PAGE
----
One of my all-time-favorite pizzas is the Margherita, which is so famous in Naples, Italy, and elsewhere, including France. Truly authentic Margherita pizza is quite simple --- and made with nothing more than flour, yeast, sugar, water, tomatoes, fresh mozzarella and fresh basil. This recipe is my attempt to capture those authentic Napoli-style flavors at home.
One secret to making ultra-crispy crust is to allow the pizza dough to sit overnight in the fridge. If you don't have time for that, you can make the dough the same day you plan to use it.
Also, a couple of specialty kitchen items are really helpful when making pizza at home: a pizza paddle, and a pizza stone for your oven. I highly recommend investing in both. You can find them at restaurant-supply stores here, like Bintz.
1 tsp. active yeast
1/2 tsp. sugar
1/2 cup plus 2 Tbs. warm water
1/2 tsp. kosher salt
28 oz. can of good quality Italian-style tomatoes, preferably San Marzano, whole or crushed. I especially like Strianese-brand crushed San Marzano tomatoes when I can find them.
8 oz. fresh mozzarella balls, cut into thin slices -- bufala mozzaarella is best, but any fresh mozzarella is good.
fresh basil leaves, 15-20
Extra-virgin olive oil
First, make the pizza dough. The recipe that follows makes two thin-crust pizzas, about 10" each. Note that you'll need to begin the dough a minimum of 6 hours before you plan to cook the pizza.
Mix the warm water with the yeast and sugar. Make sure the water is warm, not hot -- hot water can kill the yeast. Allow the yeast to proof for about 10 minutes until it bubbles and foams a bit.
Place the flour, salt and yeast mixture into the bowl of an electric mixture. (I also sometimes use a food processor when making the dough. Or, you could simply use your hands.) Mix the dough on the lowest speed for 2-3 minutes, until it forms into a mass. Don't overwork the dough.
Shape the dough into a ball and place into a large bowl coated with olive oil.
Cover the bowl tightly with plastic wrap and allow to sit at room temperature for two hours.
After two hours, the dough should have risen and plumped up considerably.
Punch the dough down, cover the bowl again with plastic wrap and place it in the refrigerator for at least two more hours. You can leave it in the fridge overnight or even longer for a super-crispy crust.
Two hours before you're ready to make the pizza, remove the dough from the fridge and punch it down again.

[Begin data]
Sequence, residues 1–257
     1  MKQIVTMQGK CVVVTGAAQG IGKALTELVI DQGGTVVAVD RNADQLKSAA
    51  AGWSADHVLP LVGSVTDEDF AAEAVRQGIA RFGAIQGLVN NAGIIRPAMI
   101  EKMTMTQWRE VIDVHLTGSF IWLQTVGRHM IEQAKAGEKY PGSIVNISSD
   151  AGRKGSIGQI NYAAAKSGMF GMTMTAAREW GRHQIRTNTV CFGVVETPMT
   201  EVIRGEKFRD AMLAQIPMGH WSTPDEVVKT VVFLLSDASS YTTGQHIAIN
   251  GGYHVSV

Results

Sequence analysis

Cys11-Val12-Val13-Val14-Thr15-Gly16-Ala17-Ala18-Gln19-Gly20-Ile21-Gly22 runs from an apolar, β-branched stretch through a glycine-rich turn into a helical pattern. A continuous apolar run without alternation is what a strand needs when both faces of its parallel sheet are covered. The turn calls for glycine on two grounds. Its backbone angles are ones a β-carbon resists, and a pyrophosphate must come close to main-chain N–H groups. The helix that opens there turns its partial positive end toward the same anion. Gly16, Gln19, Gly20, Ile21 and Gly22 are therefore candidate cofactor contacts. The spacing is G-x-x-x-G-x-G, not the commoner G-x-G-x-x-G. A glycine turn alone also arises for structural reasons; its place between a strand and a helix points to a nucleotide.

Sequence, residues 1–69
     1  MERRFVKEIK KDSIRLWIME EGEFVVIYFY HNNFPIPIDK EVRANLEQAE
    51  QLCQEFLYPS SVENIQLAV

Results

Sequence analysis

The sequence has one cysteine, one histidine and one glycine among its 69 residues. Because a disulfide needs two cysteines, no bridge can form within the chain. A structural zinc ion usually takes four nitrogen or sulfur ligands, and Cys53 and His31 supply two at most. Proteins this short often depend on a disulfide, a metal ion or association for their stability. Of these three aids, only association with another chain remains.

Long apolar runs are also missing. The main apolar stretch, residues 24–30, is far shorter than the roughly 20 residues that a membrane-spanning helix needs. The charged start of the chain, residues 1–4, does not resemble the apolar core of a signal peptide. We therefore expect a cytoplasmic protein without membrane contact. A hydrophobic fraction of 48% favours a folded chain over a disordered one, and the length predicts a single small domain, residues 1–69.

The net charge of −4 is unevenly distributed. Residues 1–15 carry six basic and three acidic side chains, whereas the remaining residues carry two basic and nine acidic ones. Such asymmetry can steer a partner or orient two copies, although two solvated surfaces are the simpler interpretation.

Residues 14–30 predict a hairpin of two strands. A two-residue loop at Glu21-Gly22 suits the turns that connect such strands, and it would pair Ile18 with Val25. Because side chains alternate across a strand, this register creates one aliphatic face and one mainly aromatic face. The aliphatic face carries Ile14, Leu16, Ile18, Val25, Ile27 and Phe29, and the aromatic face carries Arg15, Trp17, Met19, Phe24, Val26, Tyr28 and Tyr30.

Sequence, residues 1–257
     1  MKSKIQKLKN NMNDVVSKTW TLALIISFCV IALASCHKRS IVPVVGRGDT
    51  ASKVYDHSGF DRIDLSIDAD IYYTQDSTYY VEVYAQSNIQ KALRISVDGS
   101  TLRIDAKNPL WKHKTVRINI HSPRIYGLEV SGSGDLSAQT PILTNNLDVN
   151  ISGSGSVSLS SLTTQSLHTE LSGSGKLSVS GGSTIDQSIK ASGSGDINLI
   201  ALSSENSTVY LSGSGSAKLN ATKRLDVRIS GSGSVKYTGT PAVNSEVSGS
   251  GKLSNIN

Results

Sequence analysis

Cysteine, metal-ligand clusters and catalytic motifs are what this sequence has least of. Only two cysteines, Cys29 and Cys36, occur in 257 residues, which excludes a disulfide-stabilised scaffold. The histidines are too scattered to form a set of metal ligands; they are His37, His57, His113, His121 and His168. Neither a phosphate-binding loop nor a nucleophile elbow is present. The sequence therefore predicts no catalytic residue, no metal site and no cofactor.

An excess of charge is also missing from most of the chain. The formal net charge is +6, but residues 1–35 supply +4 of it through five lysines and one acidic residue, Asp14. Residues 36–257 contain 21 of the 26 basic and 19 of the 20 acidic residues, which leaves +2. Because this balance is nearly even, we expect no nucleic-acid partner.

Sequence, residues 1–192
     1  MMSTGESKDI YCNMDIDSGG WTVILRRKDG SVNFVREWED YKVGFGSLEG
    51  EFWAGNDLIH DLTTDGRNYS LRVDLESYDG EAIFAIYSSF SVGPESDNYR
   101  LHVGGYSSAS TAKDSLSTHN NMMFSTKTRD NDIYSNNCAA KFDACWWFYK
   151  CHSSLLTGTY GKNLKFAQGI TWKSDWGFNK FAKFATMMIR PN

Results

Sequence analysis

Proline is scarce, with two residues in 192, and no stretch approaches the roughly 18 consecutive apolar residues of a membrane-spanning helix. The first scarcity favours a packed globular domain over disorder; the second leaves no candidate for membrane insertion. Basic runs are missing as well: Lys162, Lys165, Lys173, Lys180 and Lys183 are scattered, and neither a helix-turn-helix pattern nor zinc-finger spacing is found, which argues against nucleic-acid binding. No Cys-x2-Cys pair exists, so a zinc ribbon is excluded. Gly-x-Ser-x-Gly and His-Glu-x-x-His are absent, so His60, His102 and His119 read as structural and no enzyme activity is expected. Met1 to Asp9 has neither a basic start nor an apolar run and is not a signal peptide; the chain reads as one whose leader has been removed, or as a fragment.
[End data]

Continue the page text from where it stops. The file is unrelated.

This would also be a good time to heat your oven -- as high as it will go. My home oven maxes out at 550 F., but that's hot enough to provide a good crust.
Also, I strongly suggest getting a pizza stone for your oven -- this helps with getting the crust crispy. For a few bucks, I had Home Depot cut a large piece of tile to fit my oven rack.
While the oven is heating, prepare the tomato "sauce." I simply drain the tomatoes and place them in a large container and then crush them in my hand, pouring off any excess liquid. The tomatoes will be chunky -- not very "saucy," but that's how you want them.
Divide the dough into two equal-size pizzas and reform them into balls.
On a large pastry board dusted with flour, roll one piece of pizza dough out until it's very thin, about 10 inches in diameter. Place the rolled-out dough onto a pizza paddle dusted with cornmeal. Don't worry if your pizza isn't perfectly round; mine never are.
Spread half of the crushed tomatoes as evenly as possible over the pizza crust.
Next, distribute half of the mozzarella slices evenly over the pizza. Drizzle with a little olive oil
Slide the pizza onto a preheated pizza stone and cook until the crust is lightly charred and the cheese is melted and bubbly. Depending on the temperature of your oven, this normally takes 6-10 minutes.
When I cook pizzas outside on my Big Green Egg at around 950 F. the cooking time can be as little as 2 minutes or so.
Remove the cooked pizza from the oven using the pizza paddle and distribute half of the basil leaves onto it.
Repeat the process for pizza #2.
(Note: As I said, I like my Margherita pizzas very simple and straightforward. However, it's not unusual for folks to add garlic, oregano, or other favorite ingredients to the sauce. So, feel free to experiment.)
(Photos courtesy of Ted Scheffler)